As briefly discussed above, a multi-bit program operation is not interrupted during a given time interval Δt to receive data to be next programmed and a write command. In other words, it may be possible to receive data to be next written and a write command without interrupting a program operation that is being currently performed. Thus, it may be possible to improve a program speed of a memory card, that is, program performance of a memory card.

The foregoing is illustrative of the present invention and is not to be construed as limiting thereof. Although a few exemplary embodiments of this invention have been described, those skilled in the art will readily appreciate that many modifications are possible in the exemplary embodiments without materially departing from the novel teachings and advantages of this invention. Accordingly, all such modifications are intended to be included within the scope of this invention as defined in the claims. Therefore, it is to be understood that the foregoing is illustrative of the present invention and is not to be construed as limited to the specific embodiments disclosed, and that modifications to the disclosed embodiments, as well as other embodiments, are intended to be included within the scope of the appended claims.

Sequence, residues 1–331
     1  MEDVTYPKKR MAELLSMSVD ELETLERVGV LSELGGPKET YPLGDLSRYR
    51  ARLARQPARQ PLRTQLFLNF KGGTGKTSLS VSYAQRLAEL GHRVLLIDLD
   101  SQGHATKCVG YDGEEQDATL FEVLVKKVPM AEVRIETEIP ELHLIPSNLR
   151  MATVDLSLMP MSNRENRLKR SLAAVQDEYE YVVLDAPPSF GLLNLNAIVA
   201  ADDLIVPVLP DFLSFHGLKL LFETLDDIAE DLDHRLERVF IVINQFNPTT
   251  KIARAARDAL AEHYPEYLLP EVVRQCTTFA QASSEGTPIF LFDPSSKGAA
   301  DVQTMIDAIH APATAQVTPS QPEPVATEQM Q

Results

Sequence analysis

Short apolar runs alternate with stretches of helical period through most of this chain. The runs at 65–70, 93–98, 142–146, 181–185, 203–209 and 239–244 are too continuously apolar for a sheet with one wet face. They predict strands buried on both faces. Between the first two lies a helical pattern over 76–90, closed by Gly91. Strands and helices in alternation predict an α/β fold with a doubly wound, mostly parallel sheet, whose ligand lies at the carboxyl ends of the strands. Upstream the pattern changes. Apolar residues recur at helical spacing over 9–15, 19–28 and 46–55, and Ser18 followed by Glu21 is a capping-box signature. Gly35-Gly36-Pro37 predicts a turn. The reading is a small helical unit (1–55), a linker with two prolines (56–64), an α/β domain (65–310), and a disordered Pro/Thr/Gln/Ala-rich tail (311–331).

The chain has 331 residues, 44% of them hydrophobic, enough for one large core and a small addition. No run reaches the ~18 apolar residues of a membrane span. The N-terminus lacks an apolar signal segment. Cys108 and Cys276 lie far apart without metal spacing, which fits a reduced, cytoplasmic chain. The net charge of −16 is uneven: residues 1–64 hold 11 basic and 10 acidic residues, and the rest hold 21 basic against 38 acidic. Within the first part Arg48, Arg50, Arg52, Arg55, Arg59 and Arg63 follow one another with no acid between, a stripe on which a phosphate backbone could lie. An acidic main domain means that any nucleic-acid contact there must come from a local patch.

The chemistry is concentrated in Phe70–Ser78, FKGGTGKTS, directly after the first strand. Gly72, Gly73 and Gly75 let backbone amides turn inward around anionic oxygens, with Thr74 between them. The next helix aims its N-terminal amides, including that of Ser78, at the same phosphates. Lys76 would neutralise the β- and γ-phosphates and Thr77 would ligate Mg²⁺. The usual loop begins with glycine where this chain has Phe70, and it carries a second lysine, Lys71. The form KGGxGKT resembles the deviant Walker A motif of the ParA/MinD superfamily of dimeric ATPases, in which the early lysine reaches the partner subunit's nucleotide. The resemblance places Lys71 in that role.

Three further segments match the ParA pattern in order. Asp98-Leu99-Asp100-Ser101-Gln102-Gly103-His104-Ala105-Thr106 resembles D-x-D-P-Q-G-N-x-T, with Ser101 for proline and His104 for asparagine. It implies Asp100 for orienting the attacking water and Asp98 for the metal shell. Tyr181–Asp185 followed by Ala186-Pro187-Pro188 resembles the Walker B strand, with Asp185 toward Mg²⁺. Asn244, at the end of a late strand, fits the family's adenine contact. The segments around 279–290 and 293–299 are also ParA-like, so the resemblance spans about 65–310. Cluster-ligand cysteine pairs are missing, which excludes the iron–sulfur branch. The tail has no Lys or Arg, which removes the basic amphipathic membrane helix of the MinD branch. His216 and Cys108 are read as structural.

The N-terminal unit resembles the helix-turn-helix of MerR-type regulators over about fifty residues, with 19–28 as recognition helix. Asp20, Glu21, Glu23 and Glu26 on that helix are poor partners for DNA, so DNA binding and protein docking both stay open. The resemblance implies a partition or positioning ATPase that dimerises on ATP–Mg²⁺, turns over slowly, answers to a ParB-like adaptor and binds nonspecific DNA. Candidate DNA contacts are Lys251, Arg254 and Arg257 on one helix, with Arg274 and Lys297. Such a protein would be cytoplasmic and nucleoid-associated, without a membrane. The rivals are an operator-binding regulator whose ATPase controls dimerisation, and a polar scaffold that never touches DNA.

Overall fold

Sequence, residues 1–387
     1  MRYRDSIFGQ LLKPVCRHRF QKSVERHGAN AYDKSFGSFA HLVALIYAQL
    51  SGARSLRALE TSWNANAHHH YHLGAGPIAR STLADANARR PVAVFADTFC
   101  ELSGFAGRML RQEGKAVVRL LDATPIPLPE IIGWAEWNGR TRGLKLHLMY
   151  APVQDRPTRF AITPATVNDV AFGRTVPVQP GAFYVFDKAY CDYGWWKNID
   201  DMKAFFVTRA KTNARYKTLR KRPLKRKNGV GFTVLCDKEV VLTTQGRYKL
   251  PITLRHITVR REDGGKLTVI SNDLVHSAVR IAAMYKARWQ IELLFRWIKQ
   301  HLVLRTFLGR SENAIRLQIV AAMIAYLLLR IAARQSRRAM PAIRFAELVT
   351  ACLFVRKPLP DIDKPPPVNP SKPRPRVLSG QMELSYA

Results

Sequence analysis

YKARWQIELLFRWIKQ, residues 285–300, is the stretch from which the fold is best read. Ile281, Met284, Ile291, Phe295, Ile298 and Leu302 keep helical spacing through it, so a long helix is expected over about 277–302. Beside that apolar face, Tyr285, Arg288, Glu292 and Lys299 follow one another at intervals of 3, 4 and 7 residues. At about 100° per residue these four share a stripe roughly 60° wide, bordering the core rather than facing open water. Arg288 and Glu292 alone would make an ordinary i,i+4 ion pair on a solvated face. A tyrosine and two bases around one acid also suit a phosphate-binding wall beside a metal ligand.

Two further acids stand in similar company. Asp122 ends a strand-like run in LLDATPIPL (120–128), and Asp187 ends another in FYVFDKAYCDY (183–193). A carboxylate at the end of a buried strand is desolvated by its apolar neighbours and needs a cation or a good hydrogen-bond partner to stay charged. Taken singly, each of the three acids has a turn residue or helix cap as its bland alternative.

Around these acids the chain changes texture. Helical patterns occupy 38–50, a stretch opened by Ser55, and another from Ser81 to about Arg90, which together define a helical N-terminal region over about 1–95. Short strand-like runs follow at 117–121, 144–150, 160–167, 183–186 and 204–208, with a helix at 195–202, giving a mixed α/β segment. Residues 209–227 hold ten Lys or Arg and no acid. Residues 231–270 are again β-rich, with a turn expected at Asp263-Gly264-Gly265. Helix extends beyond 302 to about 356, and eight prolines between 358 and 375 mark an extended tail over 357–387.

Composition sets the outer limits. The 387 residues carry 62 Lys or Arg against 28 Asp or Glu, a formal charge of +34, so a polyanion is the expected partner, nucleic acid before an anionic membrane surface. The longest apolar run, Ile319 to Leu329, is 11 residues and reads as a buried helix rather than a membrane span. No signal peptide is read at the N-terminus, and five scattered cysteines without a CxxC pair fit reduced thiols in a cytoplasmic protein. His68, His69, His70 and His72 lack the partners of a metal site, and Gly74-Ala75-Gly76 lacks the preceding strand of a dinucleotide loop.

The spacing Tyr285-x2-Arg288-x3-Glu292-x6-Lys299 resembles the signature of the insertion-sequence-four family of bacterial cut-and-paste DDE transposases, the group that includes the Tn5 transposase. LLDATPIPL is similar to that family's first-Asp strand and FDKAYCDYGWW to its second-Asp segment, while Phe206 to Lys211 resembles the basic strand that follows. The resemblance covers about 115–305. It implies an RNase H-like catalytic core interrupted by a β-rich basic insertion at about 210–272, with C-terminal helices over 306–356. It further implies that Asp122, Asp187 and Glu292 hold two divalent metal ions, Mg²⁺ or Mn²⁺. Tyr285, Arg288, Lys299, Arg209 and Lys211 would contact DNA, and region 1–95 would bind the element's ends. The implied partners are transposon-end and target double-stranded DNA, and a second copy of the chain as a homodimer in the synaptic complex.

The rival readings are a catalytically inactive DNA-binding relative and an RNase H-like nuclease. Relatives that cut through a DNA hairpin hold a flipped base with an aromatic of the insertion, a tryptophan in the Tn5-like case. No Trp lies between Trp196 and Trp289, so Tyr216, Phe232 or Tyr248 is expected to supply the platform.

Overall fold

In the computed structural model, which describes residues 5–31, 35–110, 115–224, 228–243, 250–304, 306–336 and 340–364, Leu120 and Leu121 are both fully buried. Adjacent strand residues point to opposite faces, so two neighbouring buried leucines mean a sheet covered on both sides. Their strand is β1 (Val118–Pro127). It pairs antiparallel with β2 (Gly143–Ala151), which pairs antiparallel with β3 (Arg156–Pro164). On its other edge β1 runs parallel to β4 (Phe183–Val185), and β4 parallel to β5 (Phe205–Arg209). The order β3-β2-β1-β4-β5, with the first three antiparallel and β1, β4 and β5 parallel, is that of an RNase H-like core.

Referenced by
Citing PatentFiling datePublication dateApplicantTitle
US8284599 *May 25, 2010Oct 9, 2012Samsung Electronics Co., Ltd.Nonvolatile memory device and related programming method
US8514621 *Apr 19, 2011Aug 20, 2013Samsung Electronics Co., Ltd.Flash memory device and system with program sequencer, and programming method
US20100321999 *May 25, 2010Dec 23, 2010Samsung Electronics Co., Ltd.Nonvolatile memory device and related programming method
US20110292725 *Apr 19, 2011Dec 1, 2011Samsung Electronics Co., Ltd.Flash memory device and system with program sequencer, and programming method
US20130135929 *Sep 12, 2012May 30, 2013Samsung Electronics Co., Ltd.Method of programming multi-level cells in non-volatile memory device
Classifications
U.S. Classification365/185.03, 365/185.12, 365/185.08
International ClassificationG11C16/04
Cooperative ClassificationG11C11/5628, G11C16/3454, G11C16/10, G11C2211/5642, G11C2211/5621
European ClassificationG11C16/10, G11C16/34V4, G11C11/56D2
Legal Events
DateCodeEventDescription
Jul 30, 2008ASAssignment
Owner name: SAMSUNG ELECTRONICS CO., LTD., KOREA, REPUBLIC OF
Free format text: ASSIGNMENT OF ASSIGNORS INTEREST;ASSIGNORS:KANG, SANG CHUL;LEE, HO KIL;LEE, JIN YUB;REEL/FRAME:021313/0465
Effective date: 20080728